Balance sheets display all of the aforementioned accounts:
Income statements are a type of financial statement that refers to the profit or loss the company has made during a specific duration of time. It’s a way to assess the effectiveness of the company’s strategies and what improvements need to be made. It is made up of expense and revenue accounts.
Within a typical COA, a sub-account column further classifies each major account type. It makes the recording of business transactions more specific, which allows detailed and accurate financial reporting.
Also, each account category will have a unique number, making it easier to sort them. The numbering also helps accountants to identify which account a transaction caters to based on the leading number. The chart of accounts follows the format of financial statements where the first set of accounts refers to the balance sheet, while the latter to profit and loss statements.
Generally, a standard coding scheme is as follows:
- Assets account: 100-199
- Liabilities accounts: 200-299
- Equity accounts: 300-399
- Revenue accounts: 400-499
- Expense accounts: 500-599
The above numbering pattern is only an example and doesn’t necessarily have to be followed. You can tweak it however you like based on your company’s needs.
A chart of accounts for small business owners is significant as it simplifies the financial data, which helps you have an overview of your business. It’s an efficient way to categorize all the transactions your company has made during a specific period in a clear and organized manner.
Doing this would give your firm a bird’s eye that helps analyze the company’s value. It saves you time and effort and is a backbone for sound bookkeeping that reflects your company’s financial health.
A chart of accounts is a powerful organizational tool that operates on a standardized framework that ensures proper reporting of financial data. The transactions are recorded accurately and consistently in the right accounts, which is necessary for generating financial statements. You can view your company’s balance sheet and profit and loss statement at a specific time to analyze how your business is doing.
The chart of accounts provides a quick overview of all the debts your company owes to others – the liabilities. It offers valuable information on short-term and long-term loans. It keeps you up-to-date with the financial health of the business. By indicating how much debt a company has incurred, COA allows business owners and managers to review the impact on a company’s financial performance. This would help a company to take appropriate measures before the situation gets out of hand.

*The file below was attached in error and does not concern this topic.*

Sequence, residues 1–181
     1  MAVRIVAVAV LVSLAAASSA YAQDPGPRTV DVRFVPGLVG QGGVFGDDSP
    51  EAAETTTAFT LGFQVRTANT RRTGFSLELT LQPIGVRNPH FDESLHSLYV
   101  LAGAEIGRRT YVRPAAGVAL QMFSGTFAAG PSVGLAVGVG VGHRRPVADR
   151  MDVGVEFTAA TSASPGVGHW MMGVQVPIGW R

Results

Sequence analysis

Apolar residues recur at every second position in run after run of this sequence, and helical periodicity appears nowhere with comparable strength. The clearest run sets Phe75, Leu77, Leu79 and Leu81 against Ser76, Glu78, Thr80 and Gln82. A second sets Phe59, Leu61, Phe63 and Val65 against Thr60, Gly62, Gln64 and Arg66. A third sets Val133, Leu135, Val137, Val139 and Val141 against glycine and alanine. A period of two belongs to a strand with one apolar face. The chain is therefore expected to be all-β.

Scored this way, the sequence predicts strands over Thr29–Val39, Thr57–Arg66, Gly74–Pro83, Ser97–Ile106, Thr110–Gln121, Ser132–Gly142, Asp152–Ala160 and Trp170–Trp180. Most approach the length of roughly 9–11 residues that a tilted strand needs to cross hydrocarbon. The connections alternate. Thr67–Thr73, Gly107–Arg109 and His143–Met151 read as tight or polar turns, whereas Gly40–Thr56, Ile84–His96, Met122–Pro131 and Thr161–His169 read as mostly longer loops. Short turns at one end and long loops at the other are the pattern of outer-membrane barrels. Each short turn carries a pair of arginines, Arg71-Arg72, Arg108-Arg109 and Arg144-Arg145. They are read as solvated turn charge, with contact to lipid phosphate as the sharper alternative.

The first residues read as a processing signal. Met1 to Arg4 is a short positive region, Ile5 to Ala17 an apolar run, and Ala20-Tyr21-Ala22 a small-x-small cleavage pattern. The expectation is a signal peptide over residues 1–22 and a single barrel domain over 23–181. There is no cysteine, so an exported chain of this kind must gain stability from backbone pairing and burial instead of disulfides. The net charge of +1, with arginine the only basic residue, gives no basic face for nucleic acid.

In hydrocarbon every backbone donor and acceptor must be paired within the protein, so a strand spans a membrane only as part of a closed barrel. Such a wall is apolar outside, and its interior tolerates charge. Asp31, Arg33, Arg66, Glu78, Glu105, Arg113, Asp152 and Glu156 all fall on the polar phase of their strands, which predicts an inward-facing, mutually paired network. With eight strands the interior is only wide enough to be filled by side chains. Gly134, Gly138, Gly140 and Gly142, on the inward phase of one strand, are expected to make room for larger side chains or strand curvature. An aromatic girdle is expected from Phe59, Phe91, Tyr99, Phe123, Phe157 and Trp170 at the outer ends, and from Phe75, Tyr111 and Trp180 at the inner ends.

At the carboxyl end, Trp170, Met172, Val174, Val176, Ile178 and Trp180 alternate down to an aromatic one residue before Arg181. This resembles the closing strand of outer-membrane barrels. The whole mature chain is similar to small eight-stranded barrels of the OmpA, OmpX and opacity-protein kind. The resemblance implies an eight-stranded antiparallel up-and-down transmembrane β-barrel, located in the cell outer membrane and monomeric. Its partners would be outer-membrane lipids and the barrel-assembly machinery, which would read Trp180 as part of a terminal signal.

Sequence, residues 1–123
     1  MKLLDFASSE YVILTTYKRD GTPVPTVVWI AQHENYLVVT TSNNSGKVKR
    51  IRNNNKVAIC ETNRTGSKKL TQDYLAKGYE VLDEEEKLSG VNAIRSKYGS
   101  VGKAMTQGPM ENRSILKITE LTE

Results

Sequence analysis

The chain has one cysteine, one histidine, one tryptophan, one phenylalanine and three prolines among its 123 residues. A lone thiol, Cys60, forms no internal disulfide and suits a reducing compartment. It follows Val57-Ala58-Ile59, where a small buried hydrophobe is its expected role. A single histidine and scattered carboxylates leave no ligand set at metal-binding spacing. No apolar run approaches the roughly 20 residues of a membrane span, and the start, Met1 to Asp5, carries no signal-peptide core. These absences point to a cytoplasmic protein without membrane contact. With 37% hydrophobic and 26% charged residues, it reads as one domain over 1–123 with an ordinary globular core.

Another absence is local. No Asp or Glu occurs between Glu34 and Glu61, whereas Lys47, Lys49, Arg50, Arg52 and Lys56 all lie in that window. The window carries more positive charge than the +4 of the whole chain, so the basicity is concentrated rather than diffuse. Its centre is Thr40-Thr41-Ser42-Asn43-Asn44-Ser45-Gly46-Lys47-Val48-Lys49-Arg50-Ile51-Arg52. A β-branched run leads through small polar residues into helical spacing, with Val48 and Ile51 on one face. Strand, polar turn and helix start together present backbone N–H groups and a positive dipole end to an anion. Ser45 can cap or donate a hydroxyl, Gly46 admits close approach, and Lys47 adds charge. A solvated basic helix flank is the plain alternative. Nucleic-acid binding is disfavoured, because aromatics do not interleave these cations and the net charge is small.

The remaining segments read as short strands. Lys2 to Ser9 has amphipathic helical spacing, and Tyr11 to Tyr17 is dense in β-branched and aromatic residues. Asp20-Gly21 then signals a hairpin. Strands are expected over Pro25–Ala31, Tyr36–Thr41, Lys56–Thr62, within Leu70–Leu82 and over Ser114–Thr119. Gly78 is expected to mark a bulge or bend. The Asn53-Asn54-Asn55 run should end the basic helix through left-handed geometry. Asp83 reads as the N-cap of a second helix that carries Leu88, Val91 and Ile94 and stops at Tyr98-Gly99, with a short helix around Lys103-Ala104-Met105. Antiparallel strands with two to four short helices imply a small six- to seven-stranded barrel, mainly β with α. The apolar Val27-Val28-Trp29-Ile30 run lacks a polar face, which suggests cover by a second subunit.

A tool that can provide a snapshot of a company’s financial health at anytime can do wonders for your business. The chart of accounts provides a clear and organized view of economic data that helps business owners make informed decisions. For instance, the profit and loss statement clearly shows what services and products are faring well and which areas of the business are driving the most costs. This helpful information can lead business owners and financial managers to rethink where they should allocate their resources to generate the most profits. Similarly, the cash flow and debt analysis equips the company with valuable knowledge that it can utilize to bring strategic changes that drive long-term growth.
The tax season can be overwhelming, especially when you’re a small business, as there is much to consider. Fortunately, if your company has a well-structured and up-to-date chart of accounts, taxes are no hassle. The financial reports offer a quick overview of your business’s taxable transactions. Using COA, you can ensure that your business is prepared for tax season and complying with all the tax laws and regulations.
Even with all of the information provided above, organizing and maintaining a chart of accounts is a lot of work. Most of the time, small business owners wear many hats to keep their company afloat, but it’s only a matter of time before a ball gets dropped when you’re juggling so many.
The good news is that Remote Quality Bookkeeping can lighten the load by handling your bookkeeping and accounting. We offer cost-effective outsourced financial services for small businesses and franchises so you can get back to doing what you are best at — running your business.
Our skilled staff will oversee your data entry, reconciliation, and reporting. We will maintain your chart of accounts and everything else involved, like profit and loss statements, balance sheets, and more. We can also help with other business finances, such as payroll.
Are you ready to start running your business instead of stressing about the books? Then contact us to schedule a free demo so you can learn how Remote Quality Bookkeeping can help you maintain the books and keep your business financials in order.